“We were a
back in the 70s; the first one on our campus. With no local fraternity brothers to teach us what to do, we were hauled all over Texas and hazed by members of other chapters in our fraternity. We visited campuses at the University of Texas (Arlington), East Texas State University, North Texas State University, Prairie View A&M University, Texas Southern University, and the University of Houston. On “Hell Night” we rode down Main Street in Houston covered in “Croker Sacks” with “Karo Syrup” and “Corn Flakes” poured all over us. It was hell cleaning all of that stuff off us and out of our cars; but that wasn’t even the worst of it…
“When I got selected to be interviewed I was nervous. The interview itself was very intense. After the interview I got the phone call that I made the line, which is when my journey began. I was number 2 on line of 12. After being taught some “local” history, our “line” was supposed to remember some of the information prior to the first “set”. Many of us didn’t know the history. We got “necked” several times to the point of where I was dizzy. Despite being “touched” or hit repeatedly, I said “I’m not going anywhere. I’m going to do whatever it takes to finish the “process”. The line “dropped” from 12 to 10. We traveled out of town to a football game and were forced to stay in the same room where we were hazed religiously for not knowing all of our “information”.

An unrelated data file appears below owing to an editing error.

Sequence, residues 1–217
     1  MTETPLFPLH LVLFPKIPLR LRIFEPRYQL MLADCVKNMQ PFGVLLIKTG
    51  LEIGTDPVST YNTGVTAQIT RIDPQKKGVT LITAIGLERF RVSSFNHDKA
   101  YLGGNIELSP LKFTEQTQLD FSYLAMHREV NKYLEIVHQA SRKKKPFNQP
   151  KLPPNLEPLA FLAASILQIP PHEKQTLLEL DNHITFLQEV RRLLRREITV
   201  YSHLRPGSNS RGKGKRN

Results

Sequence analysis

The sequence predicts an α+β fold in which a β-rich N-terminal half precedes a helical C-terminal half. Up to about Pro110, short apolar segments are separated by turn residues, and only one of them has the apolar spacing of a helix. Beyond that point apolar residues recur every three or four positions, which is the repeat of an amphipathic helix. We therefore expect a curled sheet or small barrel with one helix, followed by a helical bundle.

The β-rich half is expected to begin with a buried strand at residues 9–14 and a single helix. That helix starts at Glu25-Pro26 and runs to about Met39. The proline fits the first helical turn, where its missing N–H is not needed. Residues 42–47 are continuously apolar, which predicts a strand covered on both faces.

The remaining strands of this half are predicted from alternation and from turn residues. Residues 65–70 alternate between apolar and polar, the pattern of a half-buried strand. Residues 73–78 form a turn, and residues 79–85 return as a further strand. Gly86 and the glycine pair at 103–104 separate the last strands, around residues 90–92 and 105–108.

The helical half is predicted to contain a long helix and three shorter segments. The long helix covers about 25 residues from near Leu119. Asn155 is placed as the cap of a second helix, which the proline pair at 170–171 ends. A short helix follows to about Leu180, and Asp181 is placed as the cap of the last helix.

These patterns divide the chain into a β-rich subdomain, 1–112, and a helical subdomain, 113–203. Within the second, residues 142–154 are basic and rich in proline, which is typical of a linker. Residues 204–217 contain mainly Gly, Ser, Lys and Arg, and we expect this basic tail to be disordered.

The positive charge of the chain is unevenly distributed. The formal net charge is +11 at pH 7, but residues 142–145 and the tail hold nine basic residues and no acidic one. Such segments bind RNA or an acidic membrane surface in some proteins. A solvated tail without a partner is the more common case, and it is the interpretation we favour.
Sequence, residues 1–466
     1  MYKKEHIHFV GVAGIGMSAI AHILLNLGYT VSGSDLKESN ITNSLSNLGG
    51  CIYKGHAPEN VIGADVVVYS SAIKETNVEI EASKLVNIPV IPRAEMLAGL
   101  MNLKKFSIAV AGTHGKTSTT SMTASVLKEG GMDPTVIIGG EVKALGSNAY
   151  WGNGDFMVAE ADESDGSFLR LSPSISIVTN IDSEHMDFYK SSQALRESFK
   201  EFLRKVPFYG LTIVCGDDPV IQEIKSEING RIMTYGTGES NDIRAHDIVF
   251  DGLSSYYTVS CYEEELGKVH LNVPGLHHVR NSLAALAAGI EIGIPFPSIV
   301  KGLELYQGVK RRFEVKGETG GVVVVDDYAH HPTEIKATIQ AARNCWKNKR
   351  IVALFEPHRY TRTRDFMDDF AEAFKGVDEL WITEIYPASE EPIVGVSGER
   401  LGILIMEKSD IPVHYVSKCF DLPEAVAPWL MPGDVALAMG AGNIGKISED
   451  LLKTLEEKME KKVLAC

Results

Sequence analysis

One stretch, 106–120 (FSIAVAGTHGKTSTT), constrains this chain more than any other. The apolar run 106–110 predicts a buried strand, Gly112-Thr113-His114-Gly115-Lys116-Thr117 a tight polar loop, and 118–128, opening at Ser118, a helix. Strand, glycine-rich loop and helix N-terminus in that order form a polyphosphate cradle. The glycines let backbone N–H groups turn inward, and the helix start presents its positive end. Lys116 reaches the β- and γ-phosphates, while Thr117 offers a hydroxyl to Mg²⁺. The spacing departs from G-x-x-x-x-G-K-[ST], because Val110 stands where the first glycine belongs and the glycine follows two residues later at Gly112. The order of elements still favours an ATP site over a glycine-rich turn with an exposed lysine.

When we got back to our home campus we had another “set” out in the woods. The line dropped from 10 to 8 afterwards. It would later go from 8 to 4. We got “wood” everyday. Crossing the “burning sands” took all night. We “passed” peanut butter from mouth to mouth, drank hot sauce, and got more wood. After I crossed, this experience made me a stronger person. I know I could survive anything and show perseverance…”
“It was the most terrible experience I’ve ever been through, but I wasn’t gonna let those assholes defeat me. I thought it was supposed to be about “sisterhood” and what the sorority was all about. They literally assaulted me throughout the entire “process” but I really wanted to be a “member” so I took it. My momma taught me at an early age that if “someone hits me, I better hit them back”. Therefore, it was hard for me to continually let them do it. I never knew what to expect “crossing the burning sands” but I was determined to see it through. After I made it, all I could think of was whupping that one bitch’s ass. I can’t stand her even till today. I pledged 25 years ago…”
The names have been changed to protect the innocent, but the stories are true. So are the perspectives. I cringed at some of the stories given to me as the facial expressions from those being interviewed went from delight to anger. I asked them each would they do it again if they had to. 2 out of the 3 said “no”. Such are the memories when individuals decide to cross the burning sands at their own risks. But, these stories don’t stop here…”
What happens when someone is seriously injured or dies?
We’ll find out in Part 3 on next week. God bless, good night, and keep yo families together.